Finished before the November 2012 resignation of CIA director David Petraeus, Kaplan’s study contains a curiosity: a footnote cites All In, by Paula Broadwell (2011), a biography of Petraeus by his notorious femme fatale, to the effect that Petraeus was denied the chairmanship of the Joint Chiefs of Staff and given the CIA instead. Why? Stay tuned while we review Kaplan’s account of a coterie of army officers who campaigned to raise the importance of counterinsurgency in American military doctrine. This grouping, which included Petraeus, shared an intellectual perspective on warfare and ascended in influence as the American invasions of Iraq and Afghanistan descended into protracted, irregular combat. What Kaplan offers is a highly detailed episode in the Pentagon’s bureaucratic politics, which pitted the counterinsurgency-minded officers against brass more mentally comfortable with conventional warfare and which were conducted through conferences, promotions, and annunciation of doctrine. Petraeus’ internecine victory, the publication of Counterinsurgency:FM 3-24 (2007), peaks Kaplan’s narrative, which then elides into that field manual’s application to Iraq and Afghanistan. Intensively researched and factually presented, this work most suits mavens of military affairs. HIGH-DEMAND BACKSTORY: Newsworthiness instantly expands Kaplan’s intended audience; many of the figures interviewed here might, as Washington’s investigatory machine gears up, be seen again soon. --Gilbert Taylor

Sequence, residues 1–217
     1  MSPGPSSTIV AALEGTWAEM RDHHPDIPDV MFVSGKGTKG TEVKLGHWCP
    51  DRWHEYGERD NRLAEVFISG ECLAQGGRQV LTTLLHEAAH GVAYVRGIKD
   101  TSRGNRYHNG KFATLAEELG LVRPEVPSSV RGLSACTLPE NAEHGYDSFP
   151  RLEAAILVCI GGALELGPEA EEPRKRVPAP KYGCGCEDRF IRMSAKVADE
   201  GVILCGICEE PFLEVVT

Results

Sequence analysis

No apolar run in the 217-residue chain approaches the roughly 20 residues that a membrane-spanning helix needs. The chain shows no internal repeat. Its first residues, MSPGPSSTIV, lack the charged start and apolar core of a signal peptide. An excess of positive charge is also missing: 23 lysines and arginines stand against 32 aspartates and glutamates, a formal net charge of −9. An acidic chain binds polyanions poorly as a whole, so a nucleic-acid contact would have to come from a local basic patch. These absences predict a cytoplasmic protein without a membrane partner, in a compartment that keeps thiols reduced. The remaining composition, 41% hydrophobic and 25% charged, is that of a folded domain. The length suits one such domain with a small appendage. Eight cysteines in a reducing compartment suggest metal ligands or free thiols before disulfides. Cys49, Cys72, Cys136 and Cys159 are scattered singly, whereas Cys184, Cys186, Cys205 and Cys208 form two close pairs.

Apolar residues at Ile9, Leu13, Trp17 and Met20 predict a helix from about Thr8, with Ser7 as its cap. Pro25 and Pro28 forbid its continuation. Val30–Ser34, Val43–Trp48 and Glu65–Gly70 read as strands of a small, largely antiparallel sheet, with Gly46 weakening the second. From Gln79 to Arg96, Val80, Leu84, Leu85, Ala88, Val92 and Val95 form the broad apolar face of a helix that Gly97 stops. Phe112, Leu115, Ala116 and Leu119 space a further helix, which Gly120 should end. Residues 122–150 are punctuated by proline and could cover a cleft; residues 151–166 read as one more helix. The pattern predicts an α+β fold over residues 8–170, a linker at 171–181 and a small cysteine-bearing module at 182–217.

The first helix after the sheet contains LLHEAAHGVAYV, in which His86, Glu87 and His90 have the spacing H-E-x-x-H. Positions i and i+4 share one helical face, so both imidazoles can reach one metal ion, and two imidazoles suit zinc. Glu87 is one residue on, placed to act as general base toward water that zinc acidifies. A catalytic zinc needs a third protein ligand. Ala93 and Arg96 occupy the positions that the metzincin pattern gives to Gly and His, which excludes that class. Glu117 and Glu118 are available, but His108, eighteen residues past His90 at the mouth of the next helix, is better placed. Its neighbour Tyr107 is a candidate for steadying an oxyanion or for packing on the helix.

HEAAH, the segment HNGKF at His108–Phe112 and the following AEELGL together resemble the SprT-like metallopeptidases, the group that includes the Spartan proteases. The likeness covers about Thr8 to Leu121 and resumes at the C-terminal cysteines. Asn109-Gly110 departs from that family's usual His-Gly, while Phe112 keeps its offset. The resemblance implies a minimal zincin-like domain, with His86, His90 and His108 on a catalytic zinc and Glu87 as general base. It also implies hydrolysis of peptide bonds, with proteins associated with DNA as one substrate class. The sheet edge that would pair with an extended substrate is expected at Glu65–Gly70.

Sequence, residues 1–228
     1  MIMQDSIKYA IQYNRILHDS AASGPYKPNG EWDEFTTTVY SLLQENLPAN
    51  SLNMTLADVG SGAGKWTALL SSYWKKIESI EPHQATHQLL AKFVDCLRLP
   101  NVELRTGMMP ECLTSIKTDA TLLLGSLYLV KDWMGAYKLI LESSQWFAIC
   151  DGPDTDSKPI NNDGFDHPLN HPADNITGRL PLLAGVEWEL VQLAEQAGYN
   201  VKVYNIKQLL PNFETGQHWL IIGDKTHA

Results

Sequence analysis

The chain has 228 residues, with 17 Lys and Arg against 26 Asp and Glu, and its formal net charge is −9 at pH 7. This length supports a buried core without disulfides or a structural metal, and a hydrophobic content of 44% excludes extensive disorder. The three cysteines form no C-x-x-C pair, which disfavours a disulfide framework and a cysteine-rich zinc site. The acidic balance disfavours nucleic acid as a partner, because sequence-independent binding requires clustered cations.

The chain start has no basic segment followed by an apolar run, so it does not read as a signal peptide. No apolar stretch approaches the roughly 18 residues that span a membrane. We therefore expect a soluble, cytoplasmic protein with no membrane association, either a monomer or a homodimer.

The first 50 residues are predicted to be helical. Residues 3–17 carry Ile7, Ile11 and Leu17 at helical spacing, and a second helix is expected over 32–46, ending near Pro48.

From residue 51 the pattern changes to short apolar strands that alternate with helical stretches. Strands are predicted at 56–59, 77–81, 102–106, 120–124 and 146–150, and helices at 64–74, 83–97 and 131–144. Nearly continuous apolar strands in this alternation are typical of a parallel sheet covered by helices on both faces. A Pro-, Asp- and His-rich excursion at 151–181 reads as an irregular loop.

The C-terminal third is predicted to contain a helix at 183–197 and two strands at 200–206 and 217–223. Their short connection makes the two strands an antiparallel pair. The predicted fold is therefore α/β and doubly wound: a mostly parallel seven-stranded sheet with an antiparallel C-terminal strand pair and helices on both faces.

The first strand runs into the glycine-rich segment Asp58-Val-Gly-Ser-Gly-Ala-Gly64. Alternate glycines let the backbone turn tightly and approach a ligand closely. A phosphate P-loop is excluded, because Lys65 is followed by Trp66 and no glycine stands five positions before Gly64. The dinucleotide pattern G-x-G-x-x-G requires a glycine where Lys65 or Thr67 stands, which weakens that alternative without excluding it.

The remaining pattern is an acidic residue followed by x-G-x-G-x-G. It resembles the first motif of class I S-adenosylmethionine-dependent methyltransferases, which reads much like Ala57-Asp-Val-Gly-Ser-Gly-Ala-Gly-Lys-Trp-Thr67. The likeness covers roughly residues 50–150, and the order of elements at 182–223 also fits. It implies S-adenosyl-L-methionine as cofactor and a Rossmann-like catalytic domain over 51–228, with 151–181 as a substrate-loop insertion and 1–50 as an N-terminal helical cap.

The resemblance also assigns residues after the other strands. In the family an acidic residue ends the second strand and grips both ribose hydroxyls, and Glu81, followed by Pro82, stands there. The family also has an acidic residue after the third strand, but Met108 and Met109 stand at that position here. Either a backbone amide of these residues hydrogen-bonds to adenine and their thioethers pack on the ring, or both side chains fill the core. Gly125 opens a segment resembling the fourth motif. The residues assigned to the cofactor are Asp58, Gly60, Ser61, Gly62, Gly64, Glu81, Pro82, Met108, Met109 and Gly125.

"Thrilling reading. ... There is no one better equipped to tell the story. ... Kaplan, a rare combination of defense intellectual and pugnacious reporter … knows the military world inside and out. ... An authoritative, gripping and somewhat terrifying account of how the American military approached two major wars in the combustible Islamic world."
(Thanassis Cambaniss The New York Times Book Review
“Riveting . . . Combining superb storytelling and meticulous journalism, Kaplan has produced an unparalleled account of how the U.S. military has adapted itself to the realities of the Middle East.”
(The Washington Institute, Silver Book Prize Winner
"One of the very best books ever written about the American military in the era of small wars. ... Fred Kaplan brings a formidable talent for writing intellectual history."
(Thomas Powers The New York Review of Books
“Serious and insightful. … The Insurgents seems destined to be one of the more significant looks at how the US pursued the war in Iraq and at the complex mind of the general in charge when the tide turned.”
(Tony Perry Los Angeles Times
(Dexter Filkins The New Yorker
"The Insurgents is a tremendously clear and informative guide to the strengths and weaknesses of the military we have today and to the decisions we are about to make. … Anyone who reads The Insurgents will be better prepared to understand what America has done right and wrong with its military over the past generation."
(James Fallows, The American Prospect)
"Excellent ... An intellectual thriller."
(Joe Klein Time